A defunct funeral home might not be the ideal place to start life as a married couple, but for Al and Connie Mueller, this was the beginning of their story together. In 1946, the couple started Mueller Memorial, the first Catholic funeral home east of St. Paul.
“He and Mom lived in the basement of the funeral home,” says Scott Mueller, their son and second-generation owner. “I’ve since gone in there; it’s shocking. They started out and they were poor ... they were just poor.”
In 1954, Al Mueller built a second funeral home in White Bear Lake and in 1964, he rebuilt the St. Paul funeral home on Johnson Parkway, a facility Scott Mueller calls “stunning.”
And all of this innovation and development from a boy who grew up on a farm in Savage.
“When my dad announced he was going to college to be a mortician, his dad, a farmer, was more than surprised,” Mueller says. “But my dad saw something in this profession. People who are good at it have a compassionate gene. They’re able to communicate empathy without becoming part of the family’s grief or drama. And Dad had that ability.”
Turns out, Mueller did too. He knew at a young age that this would be his career path. “Originally I wanted to be a cardiologist,” Mueller says. “But when I was about 16, I quickly saw that there was more to this business than pushing a casket down an aisle.”
And just as Al Mueller was innovative in the 1940s and 1950s in a business that was not accustomed to innovation, his son is following that same path by offering, among other things, online communication, including obituaries, live webcasting of services and sympathy messages.
“For a small business, we’re pouring money into nontraditional things that we never had before,” Mueller says. “Our website is incredibly interactive; people can communicate with the family, watch videos of loved ones, even light a virtual memorial candle.”
Scott Mueller’s daughter, Taelor Johnson, director of community relations at Mueller Memorial, says they are choosing to embrace social media. “Today, people have so many opportunities to make contact with grieving friends and family members,” she says. “But a post on Facebook will never replace giving condolences and support in person.”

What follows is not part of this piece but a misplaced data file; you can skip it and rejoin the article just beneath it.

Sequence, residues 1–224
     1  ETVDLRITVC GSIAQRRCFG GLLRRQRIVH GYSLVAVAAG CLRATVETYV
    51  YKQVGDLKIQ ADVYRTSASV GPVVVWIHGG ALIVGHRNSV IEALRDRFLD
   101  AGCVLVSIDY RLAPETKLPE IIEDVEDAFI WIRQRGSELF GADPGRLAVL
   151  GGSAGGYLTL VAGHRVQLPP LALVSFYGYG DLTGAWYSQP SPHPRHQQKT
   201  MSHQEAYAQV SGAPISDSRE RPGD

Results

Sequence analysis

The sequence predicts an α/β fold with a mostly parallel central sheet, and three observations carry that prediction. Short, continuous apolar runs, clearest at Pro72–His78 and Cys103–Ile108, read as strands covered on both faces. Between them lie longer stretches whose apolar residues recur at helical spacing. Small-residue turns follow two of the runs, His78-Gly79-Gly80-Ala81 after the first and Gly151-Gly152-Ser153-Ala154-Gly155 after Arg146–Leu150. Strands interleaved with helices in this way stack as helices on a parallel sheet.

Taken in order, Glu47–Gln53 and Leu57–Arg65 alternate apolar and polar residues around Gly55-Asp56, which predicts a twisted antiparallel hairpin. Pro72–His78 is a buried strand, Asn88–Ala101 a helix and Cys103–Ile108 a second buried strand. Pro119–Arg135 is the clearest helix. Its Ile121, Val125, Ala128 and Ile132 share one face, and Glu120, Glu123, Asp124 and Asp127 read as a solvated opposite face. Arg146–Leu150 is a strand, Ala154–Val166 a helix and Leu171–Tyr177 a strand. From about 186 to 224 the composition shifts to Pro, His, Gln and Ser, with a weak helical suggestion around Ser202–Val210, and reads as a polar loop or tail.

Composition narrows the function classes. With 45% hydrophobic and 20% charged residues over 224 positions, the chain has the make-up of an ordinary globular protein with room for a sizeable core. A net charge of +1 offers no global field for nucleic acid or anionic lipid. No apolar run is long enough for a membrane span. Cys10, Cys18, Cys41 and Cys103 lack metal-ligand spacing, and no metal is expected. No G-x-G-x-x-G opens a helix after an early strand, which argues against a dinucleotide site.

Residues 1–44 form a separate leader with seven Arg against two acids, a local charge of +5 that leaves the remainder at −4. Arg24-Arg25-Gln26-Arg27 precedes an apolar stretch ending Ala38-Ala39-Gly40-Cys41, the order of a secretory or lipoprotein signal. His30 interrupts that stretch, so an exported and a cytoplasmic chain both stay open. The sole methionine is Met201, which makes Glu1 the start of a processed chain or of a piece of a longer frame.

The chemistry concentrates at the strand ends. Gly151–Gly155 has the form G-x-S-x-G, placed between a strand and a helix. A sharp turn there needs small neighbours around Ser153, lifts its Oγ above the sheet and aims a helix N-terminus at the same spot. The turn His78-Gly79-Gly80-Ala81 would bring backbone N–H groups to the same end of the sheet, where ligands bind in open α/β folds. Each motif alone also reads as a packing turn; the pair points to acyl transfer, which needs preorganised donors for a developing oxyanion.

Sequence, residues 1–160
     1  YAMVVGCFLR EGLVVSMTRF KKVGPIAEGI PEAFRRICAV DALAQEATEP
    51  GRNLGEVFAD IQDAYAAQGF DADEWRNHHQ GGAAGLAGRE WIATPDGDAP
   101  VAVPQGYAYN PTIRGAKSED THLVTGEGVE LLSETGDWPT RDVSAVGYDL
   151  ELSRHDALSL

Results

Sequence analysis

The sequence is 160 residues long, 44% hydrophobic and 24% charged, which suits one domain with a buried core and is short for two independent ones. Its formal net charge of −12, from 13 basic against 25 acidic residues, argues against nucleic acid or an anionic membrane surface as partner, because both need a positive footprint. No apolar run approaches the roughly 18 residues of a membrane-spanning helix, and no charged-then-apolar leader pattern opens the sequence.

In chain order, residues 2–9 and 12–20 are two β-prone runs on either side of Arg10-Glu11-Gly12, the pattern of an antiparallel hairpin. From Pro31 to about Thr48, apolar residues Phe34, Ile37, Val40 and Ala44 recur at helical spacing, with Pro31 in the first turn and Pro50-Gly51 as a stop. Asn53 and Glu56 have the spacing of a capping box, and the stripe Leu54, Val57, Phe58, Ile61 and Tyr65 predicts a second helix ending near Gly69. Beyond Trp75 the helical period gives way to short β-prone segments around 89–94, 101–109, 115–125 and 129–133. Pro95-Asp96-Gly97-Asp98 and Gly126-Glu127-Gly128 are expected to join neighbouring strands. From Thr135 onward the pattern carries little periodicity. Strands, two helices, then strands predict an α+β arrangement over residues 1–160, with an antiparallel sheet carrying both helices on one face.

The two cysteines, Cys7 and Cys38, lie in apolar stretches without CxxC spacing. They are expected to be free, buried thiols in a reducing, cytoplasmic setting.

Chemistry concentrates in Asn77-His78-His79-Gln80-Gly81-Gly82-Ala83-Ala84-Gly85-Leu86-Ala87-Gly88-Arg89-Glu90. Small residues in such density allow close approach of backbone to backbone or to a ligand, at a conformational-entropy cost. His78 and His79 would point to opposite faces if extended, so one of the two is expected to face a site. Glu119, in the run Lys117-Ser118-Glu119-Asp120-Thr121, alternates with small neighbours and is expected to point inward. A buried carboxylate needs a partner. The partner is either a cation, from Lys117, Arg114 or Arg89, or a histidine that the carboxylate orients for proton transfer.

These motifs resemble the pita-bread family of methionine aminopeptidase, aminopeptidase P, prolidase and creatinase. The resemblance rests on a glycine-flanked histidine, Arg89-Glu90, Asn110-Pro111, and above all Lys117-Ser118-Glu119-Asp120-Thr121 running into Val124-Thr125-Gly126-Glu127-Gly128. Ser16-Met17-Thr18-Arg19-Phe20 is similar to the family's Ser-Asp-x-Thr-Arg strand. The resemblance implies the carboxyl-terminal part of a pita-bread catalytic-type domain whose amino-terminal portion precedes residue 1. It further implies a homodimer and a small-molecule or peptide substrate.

Even so, Mueller Memorial is making a major effort to change the way their funeral homes—and funerals themselves— are viewed.
Mueller is planning to build a third funeral home in North St. Paul, but will first be making changes to the White Bear location, breaking ground this spring.
“Funerals are taking place outside of traditional funeral homes at places like country clubs and golf courses for two reasons,” he explains. “One is the cost, and the other is people don’t feel like a traditional funeral home is relevant anymore.”
So they’re making Mueller Memorial a more relevant facility.
Mueller plans to expand the lobby area and add more natural light throughout the building. Oh, and he’s adding a wet bar. That, Johnson says, will accommodate the baby boomer generation, whose members are often requesting a celebration in addition to a church service.
“I love when a family takes over our reception room with memorabilia. It’s like a temporary museum of that person’s life,” Johnson says of the new “celebration of life” services. “It’s wonderful to see the conversations sparked by an old letter jacket or dog tags. The more personal we can make a service, the more meaningful it will be.”
This, coupled with the 10-person, dedicated team on-call 24/7, is a recipe for success. And with Mueller leading the pack, others would be wise to notice.
4735 Bald Eagle Ave.
White Bear Lake